Area 9[15] Gloucestershire, Shropshire, Staffordshire, Warwickshire, West Midlands, Worcester, Herefordshire M5, M6, M40, M42, M50, M54, A5, A40, A46, A49, A435, A449, A456, A458, A465, A6, A483,
North West Area 10[16] Cheshire, Merseyside, Greater Manchester, Lancashire M6, M53, M56, M57, M58, M60, M61, M62, M66, M67, M602, A41, A55, A56, A483, A550, A556, A570, A663, A5036
Area 13[17] Cumbria, Lancashire M6, M55, A65, A66, A69, A74(M), A585, A590, A595
North East Area 12[18] Yorkshire, Lincolnshire, Derbyshire, Greater Manchester M1, M18, M62, M180, M181, M606, M621, A1, A19, A57, A61, A63, A64, A160, A168, A180, A616, A628, A1033
Area 14[19] Durham, Northumberland, North Yorkshire, Tyne and Wear A1, A19, A66, A69, A268, A174, A696, A1033


National Traffic Information Service (NTIS)

Network Information Services (NIS), a Mouchel and Thales joint venture, operates the National Traffic Information Service on behalf of Highways England. NTIS is the information hub of England' strategic road network.[20]

The £57 million service is based at Quinton, Birmingham and is responsible for providing accurate, historical, real-time and predictive traffic and incident information to businesses, the travelling public and Highways England's operations.[20] It collects real-time traffic information from over 10,000 fixed sites on the motorway and all-purpose trunk road network from MIDAS and Traffic Monitoring Unit (TMU) electronic loops in the road surface and automatic number plate recognition (ANPR) cameras at the roadside. Additionally it uses anonymous floating vehicle traffic data (FVD) from vehicles to supplement the fixed traffic monitoring sites. NTIS also has access to nearly 2,000 CCTV cameras,[21] 300 weather stations, 4,600 roadside electronic signs, 16,000 roadside electronic matrix signals and incident data from over 250 operational partners including the police and local authorities.[22]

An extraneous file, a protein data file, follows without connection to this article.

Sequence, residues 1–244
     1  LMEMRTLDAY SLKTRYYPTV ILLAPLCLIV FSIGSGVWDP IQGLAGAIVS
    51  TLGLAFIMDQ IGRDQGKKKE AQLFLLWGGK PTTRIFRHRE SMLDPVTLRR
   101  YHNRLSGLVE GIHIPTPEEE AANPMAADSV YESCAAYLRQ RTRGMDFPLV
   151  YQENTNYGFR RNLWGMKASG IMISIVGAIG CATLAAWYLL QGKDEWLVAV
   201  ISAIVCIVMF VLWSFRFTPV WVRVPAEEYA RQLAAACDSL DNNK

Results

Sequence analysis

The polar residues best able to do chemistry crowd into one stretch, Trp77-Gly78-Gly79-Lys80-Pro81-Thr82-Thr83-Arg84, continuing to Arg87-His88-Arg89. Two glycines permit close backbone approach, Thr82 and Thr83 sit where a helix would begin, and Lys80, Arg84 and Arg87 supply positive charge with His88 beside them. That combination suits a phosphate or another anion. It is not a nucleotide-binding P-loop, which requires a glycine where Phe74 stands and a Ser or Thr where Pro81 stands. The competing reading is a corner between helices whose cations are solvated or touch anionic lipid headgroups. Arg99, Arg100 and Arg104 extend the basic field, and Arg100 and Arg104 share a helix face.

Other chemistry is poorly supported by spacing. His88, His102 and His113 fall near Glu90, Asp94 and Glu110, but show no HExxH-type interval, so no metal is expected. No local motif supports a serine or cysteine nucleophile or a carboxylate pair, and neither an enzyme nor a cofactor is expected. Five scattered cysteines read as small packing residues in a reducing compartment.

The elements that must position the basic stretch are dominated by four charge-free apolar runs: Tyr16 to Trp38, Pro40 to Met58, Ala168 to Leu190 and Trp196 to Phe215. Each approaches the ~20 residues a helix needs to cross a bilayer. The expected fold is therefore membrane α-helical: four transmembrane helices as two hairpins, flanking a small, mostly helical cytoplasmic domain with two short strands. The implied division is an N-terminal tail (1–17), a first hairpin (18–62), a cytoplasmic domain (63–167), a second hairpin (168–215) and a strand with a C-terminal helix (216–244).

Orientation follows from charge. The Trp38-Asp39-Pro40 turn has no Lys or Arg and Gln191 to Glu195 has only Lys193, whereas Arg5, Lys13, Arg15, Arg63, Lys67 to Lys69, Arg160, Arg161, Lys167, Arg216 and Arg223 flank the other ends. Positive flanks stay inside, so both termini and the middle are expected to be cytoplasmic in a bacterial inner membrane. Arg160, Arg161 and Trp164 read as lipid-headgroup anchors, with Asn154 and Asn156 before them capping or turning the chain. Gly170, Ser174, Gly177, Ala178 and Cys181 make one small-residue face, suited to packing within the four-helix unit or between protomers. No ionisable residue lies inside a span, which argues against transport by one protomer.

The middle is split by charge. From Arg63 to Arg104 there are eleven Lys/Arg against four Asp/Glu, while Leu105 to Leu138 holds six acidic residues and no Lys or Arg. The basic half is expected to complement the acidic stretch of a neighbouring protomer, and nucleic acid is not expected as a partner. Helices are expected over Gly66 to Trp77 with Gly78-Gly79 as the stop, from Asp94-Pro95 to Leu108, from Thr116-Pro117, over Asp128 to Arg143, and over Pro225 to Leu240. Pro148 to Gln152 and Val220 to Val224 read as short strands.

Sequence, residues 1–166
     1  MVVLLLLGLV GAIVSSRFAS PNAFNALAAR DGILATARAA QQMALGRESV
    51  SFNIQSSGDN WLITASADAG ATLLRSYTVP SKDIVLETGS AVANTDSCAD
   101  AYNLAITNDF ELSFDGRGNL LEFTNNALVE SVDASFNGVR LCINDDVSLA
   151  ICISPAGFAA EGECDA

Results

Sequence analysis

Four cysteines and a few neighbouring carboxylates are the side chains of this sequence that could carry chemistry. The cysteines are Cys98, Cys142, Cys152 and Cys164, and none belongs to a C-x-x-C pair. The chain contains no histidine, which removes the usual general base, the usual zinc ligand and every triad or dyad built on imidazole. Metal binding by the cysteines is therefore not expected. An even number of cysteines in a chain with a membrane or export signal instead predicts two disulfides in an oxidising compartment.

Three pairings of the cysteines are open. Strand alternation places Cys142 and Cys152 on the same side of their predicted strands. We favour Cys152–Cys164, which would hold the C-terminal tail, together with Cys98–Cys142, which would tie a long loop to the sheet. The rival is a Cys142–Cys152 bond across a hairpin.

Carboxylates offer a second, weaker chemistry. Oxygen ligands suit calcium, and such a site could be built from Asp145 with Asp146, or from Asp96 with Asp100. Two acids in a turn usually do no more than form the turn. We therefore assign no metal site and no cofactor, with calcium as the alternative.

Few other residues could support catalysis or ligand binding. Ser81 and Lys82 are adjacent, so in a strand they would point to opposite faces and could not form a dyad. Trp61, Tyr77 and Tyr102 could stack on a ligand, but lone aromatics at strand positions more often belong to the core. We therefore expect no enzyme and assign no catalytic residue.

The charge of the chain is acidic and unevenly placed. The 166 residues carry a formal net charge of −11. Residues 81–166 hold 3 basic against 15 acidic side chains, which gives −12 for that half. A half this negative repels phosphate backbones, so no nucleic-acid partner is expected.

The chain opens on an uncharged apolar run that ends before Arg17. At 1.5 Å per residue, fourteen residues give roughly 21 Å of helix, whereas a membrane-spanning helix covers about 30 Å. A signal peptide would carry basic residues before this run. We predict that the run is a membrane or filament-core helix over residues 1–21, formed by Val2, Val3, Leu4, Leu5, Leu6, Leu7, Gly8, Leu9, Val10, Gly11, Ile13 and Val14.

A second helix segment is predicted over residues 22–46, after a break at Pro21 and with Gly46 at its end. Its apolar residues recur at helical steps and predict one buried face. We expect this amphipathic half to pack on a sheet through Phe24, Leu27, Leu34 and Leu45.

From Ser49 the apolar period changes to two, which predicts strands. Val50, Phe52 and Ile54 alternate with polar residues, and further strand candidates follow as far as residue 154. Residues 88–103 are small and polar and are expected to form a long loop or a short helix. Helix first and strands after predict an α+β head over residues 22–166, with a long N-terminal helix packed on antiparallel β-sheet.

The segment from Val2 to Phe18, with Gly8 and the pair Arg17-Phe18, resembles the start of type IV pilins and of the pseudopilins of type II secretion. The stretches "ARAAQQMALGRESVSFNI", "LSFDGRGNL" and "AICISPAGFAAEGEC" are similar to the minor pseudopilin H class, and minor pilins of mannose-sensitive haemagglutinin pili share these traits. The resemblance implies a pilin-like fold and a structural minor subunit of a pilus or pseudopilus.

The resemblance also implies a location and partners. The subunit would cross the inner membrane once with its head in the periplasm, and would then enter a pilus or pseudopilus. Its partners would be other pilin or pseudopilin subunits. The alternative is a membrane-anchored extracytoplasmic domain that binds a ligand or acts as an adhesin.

It then processes this data to create useful intelligence for operational decision making and dissemination of current and predictive information to the public using the 4,600 roadside BBC and local newspaper websites for their own traffic information. Services such as Google maps and satnav operators also make use of Highways England's data for their traffic information.

Area teams

The motorway network is divided into "Areas". They are contracts that are awarded by the Department for Transport. The Area Teams work alongside the Highways England Traffic Officer Service – providing incident support, emergency traffic management and infrastructure maintenance. They are responsible for the management and operation of the roads in their area.[27] In 2009, fleet tracking has been deployed to assist area teams to manage their specialist winter maintenance vehicles during the Cold Snap.[28]


Highways England employs uniformed traffic officers; on-road and control room, as well as specialist staff for work in engineering, surveying, accountancy, and administration. There is a graduate entry scheme, with general entry and specialist engineering entry options.[29] For the Traffic Officer Service each team is supervised by a team manager, one of between six and eight such managers generally working together, to ensure 24-hour management cover.

Traffic England

Traffic England is a website[30] that gives information about the latest traffic conditions as well as details of any roadworks or events that may cause congestion.[31] By selecting current motorway information users can see the average speed between individual motorway junctions, what is being displayed on all the variable-message signs, and images from traffic cameras.[31] The website is run by Highways England's National Traffic Information Service.

Survive Group